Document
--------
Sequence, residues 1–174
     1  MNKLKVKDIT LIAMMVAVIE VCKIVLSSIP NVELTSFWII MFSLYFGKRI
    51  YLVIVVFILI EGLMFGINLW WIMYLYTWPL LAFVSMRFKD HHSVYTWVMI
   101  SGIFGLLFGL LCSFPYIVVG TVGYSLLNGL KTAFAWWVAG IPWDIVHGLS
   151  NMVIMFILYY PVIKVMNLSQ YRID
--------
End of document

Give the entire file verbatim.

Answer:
Sequence, residues 1–174
     1  MNKLKVKDIT LIAMMVAVIE VCKIVLSSIP NVELTSFWII MFSLYFGKRI
    51  YLVIVVFILI EGLMFGINLW WIMYLYTWPL LAFVSMRFKD HHSVYTWVMI
   101  SGIFGLLFGL LCSFPYIVVG TVGYSLLNGL KTAFAWWVAG IPWDIVHGLS
   151  NMVIMFILYY PVIKVMNLSQ YRID